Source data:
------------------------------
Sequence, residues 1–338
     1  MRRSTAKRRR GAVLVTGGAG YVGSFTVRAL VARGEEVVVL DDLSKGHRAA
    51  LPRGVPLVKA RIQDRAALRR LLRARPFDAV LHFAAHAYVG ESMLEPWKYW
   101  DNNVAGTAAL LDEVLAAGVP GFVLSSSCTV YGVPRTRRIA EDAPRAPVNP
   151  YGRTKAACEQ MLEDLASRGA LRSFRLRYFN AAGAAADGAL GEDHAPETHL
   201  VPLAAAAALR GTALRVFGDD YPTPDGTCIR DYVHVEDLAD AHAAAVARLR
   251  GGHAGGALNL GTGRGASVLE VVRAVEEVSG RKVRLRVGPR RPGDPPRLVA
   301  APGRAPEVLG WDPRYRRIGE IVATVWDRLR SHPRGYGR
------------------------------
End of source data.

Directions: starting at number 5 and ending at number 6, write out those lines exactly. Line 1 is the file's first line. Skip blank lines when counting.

   151  YGRTKAACEQ MLEDLASRGA LRSFRLRYFN AAGAAADGAL GEDHAPETHL
   201  VPLAAAAALR GTALRVFGDD YPTPDGTCIR DYVHVEDLAD AHAAAVARLR